IT wasn't that long ago that choosing a BMW was a game of very few numbers. There was the three-series and five-series for the mainstream, and then the six, seven and occasional eight series for the privileged few.
Recently, though, BMW has been filling in the gaps. There's a one-series, a two-series, a three series, a four-series and the sixes, sevens and even the eights are firmly back in the line-up.
Broadly speaking, the bigger the number, the bigger the car.
The one-series is small, the seven-series is big. The three-series is fairly middle-of-the-road – we all know about that one – and the four-series is the two-door version of the three-series.
Except now there's a five-door version of the two-door model from the three-series.
Confused? I'll try and simplify it. The five-door version is a new variant of the four-series and it's called the Gran Coupe. It's still, at least in BMW's book, a coupe but it has four passenger doors and a hatchback-style tailgate.
This newcomer is essentially BMW's answer to the growing demand for coupe versions of existing saloons – think Volkswagen Passat CC, Mercedes CLS, Audi A5 Sportback and so on.
So, if I haven't lost you entirely by this point, it's a four-series coupe with a couple of extra doors and a rear hatch which, remarkably, all fits in to the same footprint of the two-door coupe.
And, even more remarkably, fitting all this into a car the same length as the two-door version doesn't make it feel cramped in any way.
Up front it's largely the same, barring the smaller, pillarless doors, and in the back it obviously has quite a low roofline but there's room for a 6ft adult (just) and respectable legroom.
Being a chopped-about facsimile of the four-series coupe, the engine range is identical with four-cylinder petrol and diesel models, along with a couple of six-cylinder flagships.
The most popular engine is likely to be the two-litre diesel as fleet buyers will be queuing up for this car, but the pick of the bunch is almost certainly the petrol-powered 428i.
In pursuit of strong economy figures, BMW has developed an engine that would normally have a couple of extra cylinders and coaxed 245bhp out of it.
At the top end of the rev-range it's a tad noisy perhaps, but it's a very nice, throaty noise sporty drivers will enjoy and it propels the car with as much force as you'll ever need.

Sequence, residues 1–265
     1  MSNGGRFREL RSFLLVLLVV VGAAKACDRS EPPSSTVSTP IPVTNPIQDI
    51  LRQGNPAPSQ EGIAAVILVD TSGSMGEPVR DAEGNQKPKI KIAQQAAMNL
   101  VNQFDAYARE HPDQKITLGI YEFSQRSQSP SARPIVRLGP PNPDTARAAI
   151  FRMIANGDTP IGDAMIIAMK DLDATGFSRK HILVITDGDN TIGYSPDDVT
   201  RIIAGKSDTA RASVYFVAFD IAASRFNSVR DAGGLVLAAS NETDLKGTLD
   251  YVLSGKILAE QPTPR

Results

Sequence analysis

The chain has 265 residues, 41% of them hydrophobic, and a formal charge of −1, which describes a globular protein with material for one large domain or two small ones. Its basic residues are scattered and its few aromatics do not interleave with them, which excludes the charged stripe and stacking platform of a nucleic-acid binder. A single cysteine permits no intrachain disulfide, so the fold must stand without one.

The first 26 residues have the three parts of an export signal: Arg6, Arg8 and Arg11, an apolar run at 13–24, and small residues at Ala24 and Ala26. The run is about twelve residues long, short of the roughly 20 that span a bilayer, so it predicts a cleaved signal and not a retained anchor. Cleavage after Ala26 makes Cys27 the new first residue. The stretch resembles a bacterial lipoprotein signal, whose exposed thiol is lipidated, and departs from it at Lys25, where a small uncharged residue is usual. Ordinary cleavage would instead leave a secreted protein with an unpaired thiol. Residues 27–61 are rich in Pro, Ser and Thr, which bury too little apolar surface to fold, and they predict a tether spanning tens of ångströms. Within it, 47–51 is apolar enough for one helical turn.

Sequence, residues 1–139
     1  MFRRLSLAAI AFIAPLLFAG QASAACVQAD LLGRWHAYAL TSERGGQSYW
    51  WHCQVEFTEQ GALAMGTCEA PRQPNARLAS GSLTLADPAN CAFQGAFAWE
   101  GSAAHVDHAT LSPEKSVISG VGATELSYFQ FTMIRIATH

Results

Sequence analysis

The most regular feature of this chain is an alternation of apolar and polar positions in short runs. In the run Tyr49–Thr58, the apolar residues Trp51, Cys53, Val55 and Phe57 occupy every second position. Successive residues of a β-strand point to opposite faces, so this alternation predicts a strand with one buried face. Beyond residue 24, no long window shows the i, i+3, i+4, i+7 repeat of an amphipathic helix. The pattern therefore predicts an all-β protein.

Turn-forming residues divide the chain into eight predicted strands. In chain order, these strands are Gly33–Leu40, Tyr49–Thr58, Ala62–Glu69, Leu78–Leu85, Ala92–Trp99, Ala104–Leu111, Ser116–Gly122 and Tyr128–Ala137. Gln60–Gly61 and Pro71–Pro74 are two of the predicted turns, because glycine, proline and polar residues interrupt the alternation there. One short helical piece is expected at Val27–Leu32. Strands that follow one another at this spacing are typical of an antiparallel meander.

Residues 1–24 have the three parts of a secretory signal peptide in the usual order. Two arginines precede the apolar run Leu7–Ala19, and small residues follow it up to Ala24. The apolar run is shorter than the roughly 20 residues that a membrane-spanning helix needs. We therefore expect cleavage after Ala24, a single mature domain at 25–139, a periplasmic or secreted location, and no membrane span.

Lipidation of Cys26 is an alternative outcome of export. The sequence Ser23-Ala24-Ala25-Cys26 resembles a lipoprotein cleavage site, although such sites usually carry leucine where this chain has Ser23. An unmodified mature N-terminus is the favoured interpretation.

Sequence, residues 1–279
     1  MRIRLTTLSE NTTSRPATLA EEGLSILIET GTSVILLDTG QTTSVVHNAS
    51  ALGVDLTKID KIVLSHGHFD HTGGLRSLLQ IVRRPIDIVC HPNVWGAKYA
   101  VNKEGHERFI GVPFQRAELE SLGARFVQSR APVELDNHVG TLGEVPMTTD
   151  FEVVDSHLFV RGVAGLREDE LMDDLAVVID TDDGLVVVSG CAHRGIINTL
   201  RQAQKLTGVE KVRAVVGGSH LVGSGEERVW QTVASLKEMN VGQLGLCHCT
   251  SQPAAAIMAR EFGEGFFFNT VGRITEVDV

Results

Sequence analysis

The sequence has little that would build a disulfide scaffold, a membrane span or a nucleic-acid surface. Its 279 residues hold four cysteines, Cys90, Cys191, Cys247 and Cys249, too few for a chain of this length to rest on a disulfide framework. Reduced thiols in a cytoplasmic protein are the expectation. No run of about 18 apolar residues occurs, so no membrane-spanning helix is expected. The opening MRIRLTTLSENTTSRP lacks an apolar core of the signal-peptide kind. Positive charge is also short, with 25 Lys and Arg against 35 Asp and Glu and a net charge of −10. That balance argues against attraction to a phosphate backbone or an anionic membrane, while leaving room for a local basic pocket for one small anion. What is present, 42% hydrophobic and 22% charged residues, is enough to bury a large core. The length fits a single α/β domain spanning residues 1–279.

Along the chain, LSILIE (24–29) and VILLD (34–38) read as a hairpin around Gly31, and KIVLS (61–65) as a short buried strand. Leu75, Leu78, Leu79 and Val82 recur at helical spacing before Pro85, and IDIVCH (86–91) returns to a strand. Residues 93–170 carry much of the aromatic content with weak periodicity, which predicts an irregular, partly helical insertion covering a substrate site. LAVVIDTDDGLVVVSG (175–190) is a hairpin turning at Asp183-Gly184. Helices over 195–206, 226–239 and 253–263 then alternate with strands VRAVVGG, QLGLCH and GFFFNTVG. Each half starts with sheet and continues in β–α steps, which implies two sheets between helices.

It drives well too. This being based entirely on the coupe's underpinnings, there's no detriment in the road manners from adding on a couple of doors.
You can opt for sports spec, or luxury spec and settings in either can be changed to alter the suspension, responses and gear changes. The balance is near-perfect and it grips well through the corners.
In either guise, you can opt to add all sorts of upgrades at the point of purchase, including four-wheel-drive on some models, but the Gran Coupe comes loaded with plenty of freebies in a bid to help it fight off advances from its closest rival, the Audi A5 Sportback.
However, unlike to the Audi, or more noticeably when parked next to the VW Passat CC or the Mercedes CLS, one of the few things I can find to fault the Four-series Gran Coupe is that it doesn't stand out enough as an individual model.
While the Passat and CLS are penned in a swoopy way to mark them out, almost to the point of being over-styled, the Gran Coupe lacks a bit of flair in my opinion. It's not unattractive, but it somehow feels like the designers have played it safe with the styling.
That won't bother everyone and what you do get is a coupe with typical, fine BMW handling, plenty of room in the back and a decent boot in a car no bigger than the two-door coupe on which it is based.
It's a great new model in a long line-up of variations which BMW has, somehow, found a slot for.